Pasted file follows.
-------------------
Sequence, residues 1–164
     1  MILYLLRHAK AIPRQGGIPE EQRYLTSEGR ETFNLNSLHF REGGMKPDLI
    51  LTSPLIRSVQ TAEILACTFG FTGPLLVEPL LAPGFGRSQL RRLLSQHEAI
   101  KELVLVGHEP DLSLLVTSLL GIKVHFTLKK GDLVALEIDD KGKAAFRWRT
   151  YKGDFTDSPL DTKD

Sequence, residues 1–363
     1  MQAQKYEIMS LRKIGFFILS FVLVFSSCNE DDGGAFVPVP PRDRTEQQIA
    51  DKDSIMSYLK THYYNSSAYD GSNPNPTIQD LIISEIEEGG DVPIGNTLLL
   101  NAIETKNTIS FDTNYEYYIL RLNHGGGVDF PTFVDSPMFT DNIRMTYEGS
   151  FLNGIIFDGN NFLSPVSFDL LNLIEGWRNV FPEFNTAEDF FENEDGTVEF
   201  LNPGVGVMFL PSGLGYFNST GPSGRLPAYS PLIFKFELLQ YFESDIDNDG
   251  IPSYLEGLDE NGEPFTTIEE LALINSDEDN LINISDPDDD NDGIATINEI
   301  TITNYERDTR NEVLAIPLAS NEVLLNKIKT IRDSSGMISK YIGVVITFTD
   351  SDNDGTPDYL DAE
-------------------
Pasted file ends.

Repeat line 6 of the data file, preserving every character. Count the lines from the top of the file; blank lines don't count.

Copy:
Sequence, residues 1–363